We’ve thought a lot about the values of our space. I’ve been to a lot of events feeling like I’m a consumer being entertained. Across the board I’ve seen that people feel better when they feel engaged, and the way you engage them is to involve them. So we stress participation. Even at orientations for instructors, we suggest tweaking parts of the event plan to see how you can make it more participatory, with more people talking and connecting to build empathy. Lately, we’ve been thinking about NWS as something of a spoken word project. It’s an exchange of different perspectives. There’s learning in that.
Given that your first months of programming have coincided with intense politics, how did the election influence New Women Space?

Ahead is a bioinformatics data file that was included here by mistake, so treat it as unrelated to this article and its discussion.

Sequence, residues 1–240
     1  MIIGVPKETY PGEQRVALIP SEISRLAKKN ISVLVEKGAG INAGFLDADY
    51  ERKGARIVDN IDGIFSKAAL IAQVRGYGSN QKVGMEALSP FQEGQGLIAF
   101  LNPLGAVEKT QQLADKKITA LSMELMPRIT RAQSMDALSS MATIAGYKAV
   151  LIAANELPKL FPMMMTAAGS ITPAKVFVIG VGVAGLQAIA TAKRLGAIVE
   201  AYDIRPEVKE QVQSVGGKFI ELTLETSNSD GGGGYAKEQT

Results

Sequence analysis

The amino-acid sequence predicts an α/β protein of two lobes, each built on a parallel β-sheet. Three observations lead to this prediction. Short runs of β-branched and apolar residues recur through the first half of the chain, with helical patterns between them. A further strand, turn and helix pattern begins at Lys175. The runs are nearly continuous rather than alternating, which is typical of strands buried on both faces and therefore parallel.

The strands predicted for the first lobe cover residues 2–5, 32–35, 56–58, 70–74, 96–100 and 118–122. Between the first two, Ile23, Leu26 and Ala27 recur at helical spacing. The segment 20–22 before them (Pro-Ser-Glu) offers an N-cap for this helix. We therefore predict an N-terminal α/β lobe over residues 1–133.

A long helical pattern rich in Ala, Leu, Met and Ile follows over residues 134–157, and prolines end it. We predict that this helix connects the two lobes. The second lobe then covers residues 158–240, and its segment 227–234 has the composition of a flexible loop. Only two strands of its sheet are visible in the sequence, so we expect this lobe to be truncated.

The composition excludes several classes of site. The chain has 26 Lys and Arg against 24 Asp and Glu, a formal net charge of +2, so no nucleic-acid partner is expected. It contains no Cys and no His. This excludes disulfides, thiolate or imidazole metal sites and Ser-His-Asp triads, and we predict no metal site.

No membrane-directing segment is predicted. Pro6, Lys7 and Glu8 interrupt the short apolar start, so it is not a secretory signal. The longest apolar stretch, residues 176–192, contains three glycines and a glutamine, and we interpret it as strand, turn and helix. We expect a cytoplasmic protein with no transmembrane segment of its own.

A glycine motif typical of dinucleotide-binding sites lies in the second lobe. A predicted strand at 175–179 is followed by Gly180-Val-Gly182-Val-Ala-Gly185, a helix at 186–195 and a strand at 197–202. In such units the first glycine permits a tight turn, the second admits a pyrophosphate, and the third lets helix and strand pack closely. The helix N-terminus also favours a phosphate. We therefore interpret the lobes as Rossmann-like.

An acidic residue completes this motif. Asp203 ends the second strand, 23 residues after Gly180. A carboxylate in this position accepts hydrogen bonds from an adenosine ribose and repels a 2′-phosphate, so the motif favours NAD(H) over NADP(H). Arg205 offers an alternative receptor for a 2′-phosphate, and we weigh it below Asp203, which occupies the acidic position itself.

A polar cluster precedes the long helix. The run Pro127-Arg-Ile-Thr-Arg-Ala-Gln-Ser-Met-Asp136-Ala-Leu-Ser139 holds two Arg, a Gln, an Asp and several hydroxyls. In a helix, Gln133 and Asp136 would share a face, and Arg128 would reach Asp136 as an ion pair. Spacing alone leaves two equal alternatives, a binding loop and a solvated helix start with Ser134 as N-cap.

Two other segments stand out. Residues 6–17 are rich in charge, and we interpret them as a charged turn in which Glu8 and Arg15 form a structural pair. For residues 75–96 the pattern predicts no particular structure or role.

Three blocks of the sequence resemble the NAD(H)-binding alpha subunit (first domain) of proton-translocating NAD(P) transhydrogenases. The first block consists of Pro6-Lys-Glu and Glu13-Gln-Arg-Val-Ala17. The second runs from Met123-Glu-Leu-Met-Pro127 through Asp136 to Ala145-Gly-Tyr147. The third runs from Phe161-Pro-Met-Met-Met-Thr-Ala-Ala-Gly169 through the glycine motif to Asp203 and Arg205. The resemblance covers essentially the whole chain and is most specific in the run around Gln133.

We opened the space before the election, and we didn’t see any of this coming. It was interesting the week after the election, because we had a Print and Zine Fest scheduled. We just weren’t sure what the energy of the day would be. At the event, it was fulfilling for me to realize that I’m the owner of a women’s space, and women are feeling threatened right now, but they can feel comforted knowing there is a space for them at these times.
Just last night, for example, one woman shared something very vulnerable and pretty darn horrible that had happened to her. This was during an event run by one of our group residents, It’s Not Personal, who deals with romantic relationships. In moments like that, we know we’ve created a safe enough space for her to share. Everyone was supportive, even though they were listening to something that might have made them feel uncomfortable.